Apparently, the rugged smartphone business is profitable because manufacturers continue to make durable phones and release them. Not only are they still being made, but they're getting better. I remember a time when rugged phones were the outcasts of the cellphone market. Recently, though, these ultra-durable devices are packing internals that can keep pace with a lot of phones on the market. Not only are they rugged, they're actually good enough to use.
The Rugby Smart by Samsung is designed to be water, dust, shock, and temperature proof and is IP 67.00 and MIL-STD-810 certified. It can withstand drops from 6.6 feet, temperatures from -60 degrees Fahrenheit to 160 degrees Fahrenheit, and can survive blowing rain, dust, sand, high humidity, solar radiation, salt, fog, and thermal shock, at least according to Samsung. I'll have to put it to the test to see if it's actually rugged enough for your lifestyle. In the meantime, here are my first impressions of the Rugby Smart after using it for about a day.
- For being a rugged phone, the design is quite modern and stylish. Obviously, it's not going to rival the iPhone or one of Samsung's high-end smartphones in the design department, but it's certainly not hideous like some rugged phones I've tested. The back features a textured finish and the sides are molded with rubber. It's thin for a rugged phone, only .35-inches in depth.
- The 3.7-inch Super AMOLED display looks great. It's crisp and the color saturation is excellent. So far, the touchscreen is smooth and responsive. The screen is made of Gorilla Glass to add to its durable nature. A 3.7-inch display seems small after using so many of these new devices that feature 4+-inch displays, so that may be a concern going forward. This will obviously be a factor if you have large hands or fingers.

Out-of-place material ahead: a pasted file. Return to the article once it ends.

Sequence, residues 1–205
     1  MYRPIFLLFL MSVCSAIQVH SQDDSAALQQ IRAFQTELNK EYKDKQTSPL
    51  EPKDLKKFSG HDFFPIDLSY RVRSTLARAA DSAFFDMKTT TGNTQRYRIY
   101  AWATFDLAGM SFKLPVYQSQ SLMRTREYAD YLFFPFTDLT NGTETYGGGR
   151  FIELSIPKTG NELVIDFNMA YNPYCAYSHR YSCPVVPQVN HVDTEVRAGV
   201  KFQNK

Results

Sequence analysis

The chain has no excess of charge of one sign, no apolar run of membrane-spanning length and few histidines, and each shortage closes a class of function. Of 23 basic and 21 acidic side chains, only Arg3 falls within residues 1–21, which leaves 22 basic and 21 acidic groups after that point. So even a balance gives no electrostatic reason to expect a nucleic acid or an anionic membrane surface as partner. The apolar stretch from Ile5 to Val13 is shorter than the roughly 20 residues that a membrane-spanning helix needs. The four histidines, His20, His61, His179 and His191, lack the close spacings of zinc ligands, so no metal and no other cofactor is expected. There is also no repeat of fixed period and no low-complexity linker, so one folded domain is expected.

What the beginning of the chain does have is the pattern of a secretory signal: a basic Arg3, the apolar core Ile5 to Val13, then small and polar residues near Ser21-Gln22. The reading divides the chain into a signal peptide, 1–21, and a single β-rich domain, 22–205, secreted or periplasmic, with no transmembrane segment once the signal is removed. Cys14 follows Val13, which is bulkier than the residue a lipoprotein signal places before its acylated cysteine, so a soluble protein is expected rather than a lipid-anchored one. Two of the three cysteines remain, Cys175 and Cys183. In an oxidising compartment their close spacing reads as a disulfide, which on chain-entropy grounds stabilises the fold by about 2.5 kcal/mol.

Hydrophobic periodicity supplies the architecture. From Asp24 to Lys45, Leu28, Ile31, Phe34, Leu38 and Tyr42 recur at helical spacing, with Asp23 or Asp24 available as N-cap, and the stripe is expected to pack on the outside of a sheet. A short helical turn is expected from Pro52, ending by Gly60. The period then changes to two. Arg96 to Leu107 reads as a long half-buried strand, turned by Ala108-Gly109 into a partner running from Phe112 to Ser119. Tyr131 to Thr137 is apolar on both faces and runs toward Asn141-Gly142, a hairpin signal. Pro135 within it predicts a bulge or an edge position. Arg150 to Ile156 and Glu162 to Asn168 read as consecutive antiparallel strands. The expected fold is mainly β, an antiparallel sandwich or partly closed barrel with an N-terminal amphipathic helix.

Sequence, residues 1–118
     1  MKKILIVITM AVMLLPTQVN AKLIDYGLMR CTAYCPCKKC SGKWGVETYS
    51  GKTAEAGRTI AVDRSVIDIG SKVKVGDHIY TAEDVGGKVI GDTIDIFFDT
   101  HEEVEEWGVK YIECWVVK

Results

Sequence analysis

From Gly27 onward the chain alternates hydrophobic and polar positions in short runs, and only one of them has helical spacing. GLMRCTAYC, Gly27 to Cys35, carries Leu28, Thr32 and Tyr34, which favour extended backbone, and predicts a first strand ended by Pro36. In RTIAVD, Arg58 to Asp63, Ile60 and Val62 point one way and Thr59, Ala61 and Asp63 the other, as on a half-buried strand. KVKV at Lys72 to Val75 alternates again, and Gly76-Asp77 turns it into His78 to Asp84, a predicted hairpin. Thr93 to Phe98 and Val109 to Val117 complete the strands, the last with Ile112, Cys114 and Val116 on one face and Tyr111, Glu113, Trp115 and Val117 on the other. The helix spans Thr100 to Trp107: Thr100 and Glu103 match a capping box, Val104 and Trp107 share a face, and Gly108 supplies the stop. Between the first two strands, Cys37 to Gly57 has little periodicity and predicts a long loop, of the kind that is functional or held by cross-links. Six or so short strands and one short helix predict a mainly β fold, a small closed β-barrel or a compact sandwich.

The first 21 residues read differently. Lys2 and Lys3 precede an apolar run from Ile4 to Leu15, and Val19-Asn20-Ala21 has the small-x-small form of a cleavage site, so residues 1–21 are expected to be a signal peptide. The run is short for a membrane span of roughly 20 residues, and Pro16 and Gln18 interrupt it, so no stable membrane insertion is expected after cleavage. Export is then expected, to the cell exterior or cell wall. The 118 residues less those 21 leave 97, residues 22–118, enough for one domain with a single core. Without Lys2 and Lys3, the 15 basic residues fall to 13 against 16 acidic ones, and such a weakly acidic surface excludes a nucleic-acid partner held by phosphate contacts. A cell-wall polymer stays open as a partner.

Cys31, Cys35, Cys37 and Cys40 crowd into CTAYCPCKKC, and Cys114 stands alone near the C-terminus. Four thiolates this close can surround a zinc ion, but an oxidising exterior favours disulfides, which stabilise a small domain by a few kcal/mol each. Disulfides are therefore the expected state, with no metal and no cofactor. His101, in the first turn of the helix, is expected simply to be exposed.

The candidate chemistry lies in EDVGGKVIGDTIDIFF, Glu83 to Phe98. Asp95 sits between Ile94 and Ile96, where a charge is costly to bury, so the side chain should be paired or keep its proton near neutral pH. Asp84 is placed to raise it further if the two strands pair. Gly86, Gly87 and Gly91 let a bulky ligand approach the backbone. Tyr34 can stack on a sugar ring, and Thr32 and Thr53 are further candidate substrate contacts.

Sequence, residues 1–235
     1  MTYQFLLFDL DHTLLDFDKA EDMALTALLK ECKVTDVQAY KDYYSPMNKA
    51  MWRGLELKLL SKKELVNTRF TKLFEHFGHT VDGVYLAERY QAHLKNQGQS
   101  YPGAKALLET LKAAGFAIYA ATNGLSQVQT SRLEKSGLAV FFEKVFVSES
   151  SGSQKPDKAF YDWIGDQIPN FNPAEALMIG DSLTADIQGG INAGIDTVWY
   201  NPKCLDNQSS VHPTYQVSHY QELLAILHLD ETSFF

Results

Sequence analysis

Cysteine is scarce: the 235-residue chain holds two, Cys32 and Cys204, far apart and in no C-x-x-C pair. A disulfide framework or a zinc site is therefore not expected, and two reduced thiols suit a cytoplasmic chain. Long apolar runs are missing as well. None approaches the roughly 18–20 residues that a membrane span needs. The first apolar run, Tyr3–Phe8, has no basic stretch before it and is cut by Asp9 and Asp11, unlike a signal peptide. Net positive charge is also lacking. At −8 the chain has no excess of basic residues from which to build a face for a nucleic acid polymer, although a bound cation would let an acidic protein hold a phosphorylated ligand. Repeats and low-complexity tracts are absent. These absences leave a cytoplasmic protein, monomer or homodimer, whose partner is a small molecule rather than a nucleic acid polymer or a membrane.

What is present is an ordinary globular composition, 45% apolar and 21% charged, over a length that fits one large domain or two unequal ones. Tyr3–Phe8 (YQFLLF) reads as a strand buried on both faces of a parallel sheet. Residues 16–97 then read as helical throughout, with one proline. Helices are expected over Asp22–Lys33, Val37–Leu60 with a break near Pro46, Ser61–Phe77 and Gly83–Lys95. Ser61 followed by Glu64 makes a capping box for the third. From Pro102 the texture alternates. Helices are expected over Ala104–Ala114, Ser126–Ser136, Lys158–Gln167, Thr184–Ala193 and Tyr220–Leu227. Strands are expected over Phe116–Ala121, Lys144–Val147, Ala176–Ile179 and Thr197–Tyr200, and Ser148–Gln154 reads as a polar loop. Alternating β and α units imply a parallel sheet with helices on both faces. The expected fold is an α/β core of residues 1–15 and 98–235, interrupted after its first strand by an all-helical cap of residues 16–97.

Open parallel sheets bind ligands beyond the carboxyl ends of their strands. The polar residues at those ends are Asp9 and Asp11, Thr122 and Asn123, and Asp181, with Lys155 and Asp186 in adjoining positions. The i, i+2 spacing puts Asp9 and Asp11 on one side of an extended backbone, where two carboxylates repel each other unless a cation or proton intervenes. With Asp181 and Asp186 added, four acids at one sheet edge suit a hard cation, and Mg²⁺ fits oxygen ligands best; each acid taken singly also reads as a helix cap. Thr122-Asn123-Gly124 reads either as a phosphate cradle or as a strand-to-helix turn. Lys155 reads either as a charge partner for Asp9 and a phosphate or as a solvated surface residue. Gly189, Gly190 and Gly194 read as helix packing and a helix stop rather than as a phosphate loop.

- The Rugby Smart ships with Android 2.3 Gingerbread and TouchWiz 4.0. I'm somewhat surprised by the decision to use Gingerbread but I'm even more surprised by the inclusion of the latest version of TouchWiz. This is not something you typically see in a phone of this caliber. TouchWiz 4.0 brings several improvements to the UI, including a refined design, resizable widgets, motion zooming using the accelerometer and gyroscope, and more.
- I've been impressed with the phone's performance thus far. It's powered by a 1.4 GHz Qualcomm Snapdragon S2 processor backed up by 512 MB of RAM. I haven't noticed any lag or major slowdowns in the short time I've been using it. Web browsing has also been smooth and enjoyable. A quick Quadrant Standard benchmark test gave the phone a score of 1,425.
- I've yet to perform many tests with the phone's 5-megapixel camera. It features an LED flash and autofocus, and it captures 720p HD video. A video sample will be uploaded within a few days. The phone also has a 1.3-megapixel front-facing camera.
- I'm not expecting to get excellent performance from the Rugby Smart's 1650 mAh battery, especially considering it's a 4G phone. Samsung estimates that you should get eight hours of talk time or 16.7 days of standby time. I haven't been able to perform any battery tests just yet so those results will have to wait for the full review.
- As I mentioned in the above bullet point, the Rugby Smart supports AT&T's HSPA+ network and is capable of speeds of 14.4 Mbps for downloads. I've historically gotten inconsistent and slow speeds when testing AT&T phones in the Dallas area. I've done a couple of speed tests with the Rugby Smart and I'm getting an average of 700 kbps for downloads. This is quite slow for an HSPA+ device and I hope it will improve over the course of the test period.
For those who need a reliable, rugged smartphone, the Rugby Smart appears to be a good option. I can't pass judgement until I've been able to test it fully, but all signs are positive so far. The price isn't bad either at $99 on contract. Keep it locked on PhoneDog to see my video and written reviews of the Samsung Rugby Smart.